The number of people running their own businesses has soared since the financial crisis, with a significant number being set up by someone aged over 50. But an unhealthy number of self-employed workers in the UK do not currently save into a pension.
New research has highlighted that self-employed workers are heading towards a pension saving crisis as they cannot afford to save for their retirement. Starting your own business and becoming self-employed is exciting. But being your own boss can have some challenges – saving for retirement is certainly one of them.
The nationwide study found that more than two fifths (43%) of those working for themselves admit they do not have a pension, compared to just 4% of those in employment. A key reason is that 36% of the self-employed say they cannot afford to save for retirement.
Less comfortable retirement
Self-employed workers now make up 15.1% of the UK workforce, with more than 4.8 million people working for themselves, but the research found they are heading for a less comfortable retirement, with many not planning to stop work.
Around one in three (31%) say they will be relying entirely on the State Pension worth around £8,545 a year to fund their retirement, while 28% will be reliant on their business to provide the income they need.
Self-employed workers are savers, but the research found they are more focused on day-to-day emergencies than the long term of retirement. Two thirds (64%) of the self-employed save to build up a safety net in case of an emergency, in comparison with 57% of those in employment.
Just one in ten self-employed people see a financial adviser regularly, despite having potentially more complex requirements than someone in employment. One in five (19%) are not confident with money and financial matters, while a quarter (24%) worry that they do not know enough about money.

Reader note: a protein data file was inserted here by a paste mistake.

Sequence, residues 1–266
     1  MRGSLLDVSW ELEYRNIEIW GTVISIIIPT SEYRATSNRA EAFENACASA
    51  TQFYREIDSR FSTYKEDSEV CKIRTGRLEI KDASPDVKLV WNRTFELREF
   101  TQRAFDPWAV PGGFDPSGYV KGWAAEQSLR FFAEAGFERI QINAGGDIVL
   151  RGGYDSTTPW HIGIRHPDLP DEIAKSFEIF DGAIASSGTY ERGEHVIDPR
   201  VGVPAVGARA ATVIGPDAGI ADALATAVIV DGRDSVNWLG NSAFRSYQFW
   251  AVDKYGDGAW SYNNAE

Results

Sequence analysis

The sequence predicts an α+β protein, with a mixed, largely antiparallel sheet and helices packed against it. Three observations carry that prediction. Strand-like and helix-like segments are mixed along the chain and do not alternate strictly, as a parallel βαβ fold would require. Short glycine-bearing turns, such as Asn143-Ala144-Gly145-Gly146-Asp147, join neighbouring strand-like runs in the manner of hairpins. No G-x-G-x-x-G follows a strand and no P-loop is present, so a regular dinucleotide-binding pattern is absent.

Pensions for the self-employed
All this adds up to an education gap when it comes to the importance of pensions for the self-employed, as 20% admit they do not take pension saving seriously as they do not think it applies to them.
Saving for retirement is tougher when you are self-employed, as there is no one to organise a pension for you and no employer making contributions on your behalf. On top of that, self-employed workers often don’t have a regular income, so many will focus on setting aside money as a safety net if they cannot work.
Funding a comfortable retirement
Saving for a pension is still important, as no one wants to work forever. And no matter what your employment status, having money to fund your retirement is essential, as the State Pension is unlikely to be enough to fund a comfortable retirement.
If you leave an employer and become self-employed, you should continue to pay in to your workplace pension if possible. Some workplace pension schemes allow you to carry on saving once you have left your employer and become self-employed.
 Consumer Intelligence conducted an independent online survey for Prudential between 20–21 June 2018 among 1,178 UK adults
A PENSION IS A LONG-TERM INVESTMENT.
THE FUND VALUE MAY FLUCTUATE AND CAN GO DOWN, WHICH WOULD HAVE AN IMPACT ON THE LEVEL OF PENSION BENEFITS AVAILABLE.
PENSIONS ARE NOT NORMALLY ACCESSIBLE UNTIL AGE 55. YOUR PENSION INCOME COULD ALSO BE AFFECTED BY INTEREST RATES AT THE TIME YOU TAKE YOUR BENEFITS. THE TAX IMPLICATIONS OF PENSION WITHDRAWALS WILL BE BASED ON YOUR INDIVIDUAL CIRCUMSTANCES, TAX LEGISLATION AND REGULATION, WHICH ARE SUBJECT TO CHANGE IN THE FUTURE.
THE VALUE OF INVESTMENTS AND INCOME FROM THEM MAY GO DOWN. YOU MAY NOT GET BACK THE ORIGINAL AMOUNT INVESTED.
YOUR HOME OR PROPERTY MAY BE REPOSSESSED IF YOU DO NOT KEEP UP REPAYMENTS ON YOUR MORTGAGE.
ACCESSING PENSION BENEFITS EARLY MAY IMPACT ON LEVELS OF RETIREMENT INCOME AND IS NOT SUITABLE FOR EVERYONE. YOU SHOULD SEEK ADVICE TO UNDERSTAND YOUR OPTIONS AT RETIREMENT.
TAX TREATMENT DEPENDS ON INDIVIDUAL CIRCUMSTANCES AND MAY BE SUBJECT TO CHANGE IN THE FUTURE